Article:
- Commodities CFDs – such as precious metals (gold, silver), copper, palladium, platinum, natural gas and oil.
- Cryptocurrencies – Cryptocurrency CFDs such as Bitcoin.
Social trading on eToro
One of eToro’s main selling features is its social trading aspect. eToro provides you with access to millions of other traders portfolio’s as well as insights into their performance and overall risk positions, as well as a propriety CopyTrader software which lets you copy individual users trades.
CopyTrader lets you automatically copy the trades of other users – the idea being you can find a successful investor to follow and simply copy their portfolio and trades. To copy a trader, you need to have at least $200 in your account (and the maximum amount you can copy with is $500,000). Australian users can copy up to 20 traders at once, and there are options for stop-loss and profit-take to help try and limit any potential losses if you copy a dud trader.
Whilst eToro doesn’t charge ‘brokerage’, its business model works on charging small foreign exchange spreads (aka brokerage?) on CFD and FOREX contracts, as well as various fees such as currency conversion and withdrawal fees. You can check out eToro’s website to get it straight from the horses mouth.
Brokerage fees: $0 brokerage on US listed stocks.
Deposit fees – eToro technically doesn’t have deposit fees, however since the entire platform only works in USD, anyone depositing funds which aren’t in USD are subject to a currency conversion fee. This is 0.5% for bank transfers and 1.5% for other methods including PayPal or credit cards. You also will pay the spread on eToro’s currency conversion exchange rate.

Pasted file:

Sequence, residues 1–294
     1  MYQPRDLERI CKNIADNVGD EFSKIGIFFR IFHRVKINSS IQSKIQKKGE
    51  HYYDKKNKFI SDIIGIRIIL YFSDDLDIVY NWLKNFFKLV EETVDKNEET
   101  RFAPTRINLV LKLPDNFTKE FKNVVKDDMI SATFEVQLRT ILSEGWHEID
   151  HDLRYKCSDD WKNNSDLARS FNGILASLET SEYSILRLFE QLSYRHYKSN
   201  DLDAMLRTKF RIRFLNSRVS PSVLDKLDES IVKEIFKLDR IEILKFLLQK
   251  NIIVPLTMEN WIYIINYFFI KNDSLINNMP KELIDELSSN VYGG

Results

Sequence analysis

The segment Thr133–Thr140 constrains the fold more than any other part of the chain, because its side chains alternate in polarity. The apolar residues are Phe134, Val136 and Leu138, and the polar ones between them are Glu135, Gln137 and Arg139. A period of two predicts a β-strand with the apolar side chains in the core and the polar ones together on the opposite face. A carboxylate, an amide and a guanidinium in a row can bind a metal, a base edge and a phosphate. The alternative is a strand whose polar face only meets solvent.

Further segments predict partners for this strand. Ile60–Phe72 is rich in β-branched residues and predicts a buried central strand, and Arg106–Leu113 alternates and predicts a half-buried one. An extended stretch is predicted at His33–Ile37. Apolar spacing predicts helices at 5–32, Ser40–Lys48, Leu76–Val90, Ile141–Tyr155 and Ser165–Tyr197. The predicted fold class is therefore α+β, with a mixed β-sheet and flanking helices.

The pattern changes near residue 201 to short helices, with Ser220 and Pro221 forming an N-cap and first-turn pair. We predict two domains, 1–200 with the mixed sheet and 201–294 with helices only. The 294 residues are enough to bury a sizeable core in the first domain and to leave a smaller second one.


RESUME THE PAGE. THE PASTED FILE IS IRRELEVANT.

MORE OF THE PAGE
Withdraw fees – Withdrawals are subject to the same currency conversion fee and foreign exchange rate spread as Deposits, as well as a flat $5 fee. Withdrawals can take a few days for credit cards or PayPal, and over a week for bank transfers.
Inactivity fee – eToro charges a (USD) $10 inactivity fee if you do not log into your account for over 12 months.
Cryptocurrency fee – More recently, eToro has moved into the cryptocurrency space and can provide customers with access to a ‘crypto wallet’ and crypto / fiat currency exchange platforms – eToro charges 1% brokerage on crypto trading.
CFD overnight and weekend fees – Personally I would never trade a CFD, but eToro charges overnight and weekend fees for keeping an open position in a CFD. The Weekend fee is three times the standard overnight fee. These fees constantly change in response to ‘market conditions’. These fees are displayed at the bottom of your trade confirmation window before you confirm your trade. Conventional shares trading (i.e. buying the actual share itself) has no such fees.
eToro Customer support
From all accounts, customer support from eToro is pretty poor. Phone support is not available in Australia and they do not have a live chat feature, however, they have a customer support team that is available for email support around the clock. They do support multiple languages (English preferred) including English, French, Spanish, German, and Italian, however, their response time is usually a couple of days at best.
Further, Withdrawals from your eToro account can prove difficult. They are subject to strict ID requirements and are scrutinised heavily – just like how a casino doesn’t want you cashing in your chips, eToro wants you to keep trading.
For your first withdrawal, you must provide eToro with a clear (color) copy of your passport, written signature and a utility bill mailed to your current residential address (that is no older than 3 months old). If you are withdrawing funds to a credit card – you must provide a clear copy of both sides of the credit card.
Is eToro trustworthy?
eToro is a highly trusted international broker, they use SSL encryption and offer two factor authentication for their online trading platforms. They are regulated by the;
- Australian Securities & Investment Commission (ASIC)
- Cyprus Securities Exchange Commission (CySEC)
- United Kingdom Financial Conduct Authority (FCA)
How to sign up and trade with eToro
Trading with eToro is easy, and they make the sign up process very simple. You can sign up for a Retail or a Professional account – Retail investor accounts are brokerage free, however a Professional account will let you trade CFDs at up to 400:1 leverage.